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LatinEdit

EtymologyEdit

From Proto-Italic *katinos, probably ultimately a loanword or from Proto-Indo-European *ket- (compare Serbo-Croatian kòtac (cattle-shed, weir), Old English heaðor (enclosure, jail). Compare also Ottoman Turkish قزان (qazān).

PronunciationEdit

NounEdit

catīnus m (genitive catīnī); second declension

  1. a deep vessel for serving up for cooking food; a large bowl, dish, or plate

InflectionEdit

Second declension.

Case Singular Plural
nominative catīnus catīnī
genitive catīnī catīnōrum
dative catīnō catīnīs
accusative catīnum catīnōs
ablative catīnō catīnīs
vocative catīne catīnī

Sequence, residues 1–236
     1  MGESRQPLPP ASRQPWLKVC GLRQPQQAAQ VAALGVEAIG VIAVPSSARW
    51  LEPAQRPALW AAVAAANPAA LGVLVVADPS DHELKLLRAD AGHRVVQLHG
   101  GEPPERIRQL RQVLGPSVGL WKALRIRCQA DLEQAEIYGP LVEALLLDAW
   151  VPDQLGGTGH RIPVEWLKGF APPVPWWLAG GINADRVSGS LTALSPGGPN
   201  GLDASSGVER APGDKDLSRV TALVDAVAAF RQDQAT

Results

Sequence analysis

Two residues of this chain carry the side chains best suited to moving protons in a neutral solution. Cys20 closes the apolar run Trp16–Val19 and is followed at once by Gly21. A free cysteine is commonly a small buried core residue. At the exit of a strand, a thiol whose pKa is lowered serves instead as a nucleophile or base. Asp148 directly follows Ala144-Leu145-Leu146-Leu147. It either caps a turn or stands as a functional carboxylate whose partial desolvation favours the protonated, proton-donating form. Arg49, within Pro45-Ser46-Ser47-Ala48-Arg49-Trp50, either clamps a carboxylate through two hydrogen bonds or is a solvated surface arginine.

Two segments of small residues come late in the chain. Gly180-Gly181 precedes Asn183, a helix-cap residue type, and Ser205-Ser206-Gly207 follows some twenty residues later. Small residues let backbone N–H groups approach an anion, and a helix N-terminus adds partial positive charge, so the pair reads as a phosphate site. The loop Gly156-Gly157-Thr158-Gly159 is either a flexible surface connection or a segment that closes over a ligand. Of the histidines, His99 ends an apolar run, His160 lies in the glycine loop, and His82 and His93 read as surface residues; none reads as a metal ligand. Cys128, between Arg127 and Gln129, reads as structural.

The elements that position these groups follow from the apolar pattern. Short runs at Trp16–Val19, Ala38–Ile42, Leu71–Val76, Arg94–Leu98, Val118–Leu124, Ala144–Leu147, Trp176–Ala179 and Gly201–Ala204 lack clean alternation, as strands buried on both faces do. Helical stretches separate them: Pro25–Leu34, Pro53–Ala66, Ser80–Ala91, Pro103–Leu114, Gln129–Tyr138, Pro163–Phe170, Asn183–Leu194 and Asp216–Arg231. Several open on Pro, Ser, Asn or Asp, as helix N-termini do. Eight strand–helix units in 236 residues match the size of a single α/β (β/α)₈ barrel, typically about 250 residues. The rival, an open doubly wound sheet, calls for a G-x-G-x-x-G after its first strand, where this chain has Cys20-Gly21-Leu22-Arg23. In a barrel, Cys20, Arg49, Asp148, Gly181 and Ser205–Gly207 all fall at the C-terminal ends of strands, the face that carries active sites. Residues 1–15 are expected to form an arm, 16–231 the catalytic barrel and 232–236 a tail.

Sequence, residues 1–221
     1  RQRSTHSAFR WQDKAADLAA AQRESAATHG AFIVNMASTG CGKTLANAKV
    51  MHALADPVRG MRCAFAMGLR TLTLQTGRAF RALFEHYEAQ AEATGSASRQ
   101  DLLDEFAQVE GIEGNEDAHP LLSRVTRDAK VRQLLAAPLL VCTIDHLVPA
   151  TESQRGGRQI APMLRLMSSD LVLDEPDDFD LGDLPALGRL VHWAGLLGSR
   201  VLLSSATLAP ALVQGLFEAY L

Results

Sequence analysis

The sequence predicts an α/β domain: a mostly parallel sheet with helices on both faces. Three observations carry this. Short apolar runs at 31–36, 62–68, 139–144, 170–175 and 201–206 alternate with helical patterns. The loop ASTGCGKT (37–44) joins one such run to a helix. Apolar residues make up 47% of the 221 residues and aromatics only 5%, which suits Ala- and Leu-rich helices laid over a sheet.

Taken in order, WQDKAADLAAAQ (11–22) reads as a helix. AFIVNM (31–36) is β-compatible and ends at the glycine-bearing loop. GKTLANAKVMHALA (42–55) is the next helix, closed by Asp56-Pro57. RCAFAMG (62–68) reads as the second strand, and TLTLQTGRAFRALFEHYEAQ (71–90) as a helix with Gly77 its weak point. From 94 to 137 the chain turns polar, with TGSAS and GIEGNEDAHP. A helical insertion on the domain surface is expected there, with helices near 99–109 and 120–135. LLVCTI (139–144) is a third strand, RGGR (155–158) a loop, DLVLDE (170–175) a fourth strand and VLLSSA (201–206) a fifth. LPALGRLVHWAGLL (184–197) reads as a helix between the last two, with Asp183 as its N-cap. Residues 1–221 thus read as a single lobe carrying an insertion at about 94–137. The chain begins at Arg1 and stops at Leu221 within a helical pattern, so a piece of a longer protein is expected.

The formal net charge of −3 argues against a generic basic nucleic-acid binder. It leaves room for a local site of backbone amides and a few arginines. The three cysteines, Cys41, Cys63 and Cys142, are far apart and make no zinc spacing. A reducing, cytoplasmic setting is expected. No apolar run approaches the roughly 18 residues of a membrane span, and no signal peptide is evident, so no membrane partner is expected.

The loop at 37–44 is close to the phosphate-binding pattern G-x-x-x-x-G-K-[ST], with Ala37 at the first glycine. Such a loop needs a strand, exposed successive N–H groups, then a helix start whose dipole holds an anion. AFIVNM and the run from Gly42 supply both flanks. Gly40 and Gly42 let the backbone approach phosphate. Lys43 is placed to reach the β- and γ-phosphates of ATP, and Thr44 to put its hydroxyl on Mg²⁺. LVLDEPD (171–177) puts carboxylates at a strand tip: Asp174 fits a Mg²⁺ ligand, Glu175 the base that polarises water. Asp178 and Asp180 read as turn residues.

DescendantsEdit

ReferencesEdit

  • catinus in Charlton T. Lewis and Charles Short (1879) A Latin Dictionary, Oxford: Clarendon Press
  • catinus in Charlton T. Lewis (1891) An Elementary Latin Dictionary, New York: Harper & Brothers
  • du Cange, Charles (1883), “catinus”, in G. A. Louis Henschel, Pierre Carpentier, Léopold Favre, editors, Glossarium Mediæ et Infimæ Latinitatis (in Latin), Niort: L. Favre
  • catinus” in Félix Gaffiot’s Dictionnaire Illustré Latin-Français, Hachette (1934)
  • catinus in Harry Thurston Peck, editor (1898) Harper's Dictionary of Classical Antiquities, New York: Harper & Brothers
  • catinus in William Smith et al., editor (1890) A Dictionary of Greek and Roman Antiquities, London: William Wayte. G. E. Marindin